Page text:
Aelay Laxman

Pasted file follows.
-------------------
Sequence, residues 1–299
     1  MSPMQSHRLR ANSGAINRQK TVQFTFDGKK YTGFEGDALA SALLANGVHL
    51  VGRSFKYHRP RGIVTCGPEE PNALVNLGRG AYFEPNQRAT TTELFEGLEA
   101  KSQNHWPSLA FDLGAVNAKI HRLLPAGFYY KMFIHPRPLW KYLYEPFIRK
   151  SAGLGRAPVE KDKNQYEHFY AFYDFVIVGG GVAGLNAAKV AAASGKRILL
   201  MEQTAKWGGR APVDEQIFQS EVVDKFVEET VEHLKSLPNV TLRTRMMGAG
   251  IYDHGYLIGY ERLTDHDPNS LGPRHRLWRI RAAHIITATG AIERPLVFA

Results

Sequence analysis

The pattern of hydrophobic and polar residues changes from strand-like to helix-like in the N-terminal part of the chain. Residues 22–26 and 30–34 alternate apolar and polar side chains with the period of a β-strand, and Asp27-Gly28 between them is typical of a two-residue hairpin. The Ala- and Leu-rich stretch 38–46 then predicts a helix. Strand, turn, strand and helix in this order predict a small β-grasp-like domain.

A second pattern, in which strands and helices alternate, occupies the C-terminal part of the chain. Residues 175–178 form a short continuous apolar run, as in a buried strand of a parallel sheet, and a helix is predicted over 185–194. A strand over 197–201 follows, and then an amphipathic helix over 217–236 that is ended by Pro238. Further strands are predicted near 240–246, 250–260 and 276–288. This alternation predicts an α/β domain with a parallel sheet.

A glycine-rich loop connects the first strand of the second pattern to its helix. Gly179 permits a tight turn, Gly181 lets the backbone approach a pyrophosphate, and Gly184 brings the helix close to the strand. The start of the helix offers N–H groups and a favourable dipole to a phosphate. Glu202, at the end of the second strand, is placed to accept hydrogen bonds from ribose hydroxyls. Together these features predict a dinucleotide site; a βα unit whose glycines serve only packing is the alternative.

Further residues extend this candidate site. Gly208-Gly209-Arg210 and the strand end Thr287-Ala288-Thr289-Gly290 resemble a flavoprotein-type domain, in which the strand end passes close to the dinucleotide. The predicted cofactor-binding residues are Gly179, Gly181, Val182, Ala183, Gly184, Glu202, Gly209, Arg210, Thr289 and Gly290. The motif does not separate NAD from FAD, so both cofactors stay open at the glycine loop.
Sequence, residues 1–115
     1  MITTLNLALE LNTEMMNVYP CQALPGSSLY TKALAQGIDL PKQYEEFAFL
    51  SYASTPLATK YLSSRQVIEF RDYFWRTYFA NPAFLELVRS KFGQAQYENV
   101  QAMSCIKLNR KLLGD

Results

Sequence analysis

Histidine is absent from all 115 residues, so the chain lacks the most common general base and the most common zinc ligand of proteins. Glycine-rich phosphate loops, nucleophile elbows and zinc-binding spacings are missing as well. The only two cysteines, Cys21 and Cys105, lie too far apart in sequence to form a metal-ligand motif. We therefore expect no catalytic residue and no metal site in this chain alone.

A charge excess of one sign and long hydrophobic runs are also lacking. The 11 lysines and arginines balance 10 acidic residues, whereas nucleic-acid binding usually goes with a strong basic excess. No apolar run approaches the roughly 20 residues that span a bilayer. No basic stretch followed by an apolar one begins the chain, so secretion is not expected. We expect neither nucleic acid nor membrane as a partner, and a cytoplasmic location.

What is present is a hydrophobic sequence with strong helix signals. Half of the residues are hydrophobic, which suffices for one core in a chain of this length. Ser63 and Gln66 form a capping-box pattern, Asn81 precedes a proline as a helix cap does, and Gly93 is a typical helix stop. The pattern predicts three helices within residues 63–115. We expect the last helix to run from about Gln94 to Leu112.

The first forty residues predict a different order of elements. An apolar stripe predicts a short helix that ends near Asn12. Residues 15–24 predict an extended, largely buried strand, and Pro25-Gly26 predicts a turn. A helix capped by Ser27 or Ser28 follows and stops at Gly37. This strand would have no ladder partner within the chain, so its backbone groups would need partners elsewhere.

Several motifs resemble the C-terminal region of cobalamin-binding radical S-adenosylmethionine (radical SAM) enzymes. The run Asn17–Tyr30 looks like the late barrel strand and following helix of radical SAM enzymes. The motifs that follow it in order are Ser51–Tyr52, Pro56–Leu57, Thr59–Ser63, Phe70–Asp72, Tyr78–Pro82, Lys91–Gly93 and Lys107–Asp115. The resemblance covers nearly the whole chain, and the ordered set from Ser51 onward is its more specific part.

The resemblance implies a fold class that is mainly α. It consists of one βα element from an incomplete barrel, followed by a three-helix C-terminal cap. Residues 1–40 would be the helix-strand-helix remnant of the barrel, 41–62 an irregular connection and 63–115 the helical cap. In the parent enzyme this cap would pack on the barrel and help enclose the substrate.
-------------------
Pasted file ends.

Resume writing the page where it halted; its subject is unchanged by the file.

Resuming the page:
Laxman’s vibrant quasi-realistic paintings and arduously drawn imagery evokes a sense of apprehension and nostalgia. His men and women in typical Telangana attire proclaim their cultural identity. The ‘Images of Kadirenigudem’, an account of his native village, from where the representation of Telangana life in all its vitality becomes his visual idiom. He peeps into the streets and explores the tiny houses for beautiful young women and their routine activities. People occupying his earlier canvases are by no means extraordinary; they are the hard working village folk, farmers or shepherds. His ‘strong’ women often engaged in domestic settings compel the viewer’s gaze into their world of constant struggle and compromise. What makes Laxman so special is that the nativity is brought forth with devices of narrative weaved within a narrative, juxtaposing bustling human activity in mundane world. In the context of Telangana regional identity, his potent expressionistic images seem to arouse a kind of socio political consciousness. The paintings at his very recent series ‘Fellow Travellers’ demonstrate highly skillful renditions of portraits layered with imagery taken from folk arts of Nakashi, Kalamkari, Paithan etc. These hyper realistic images are built and rebuilt over multiple layers of motifs that burst from his subconscious memory revealing predicaments of oppressed people.

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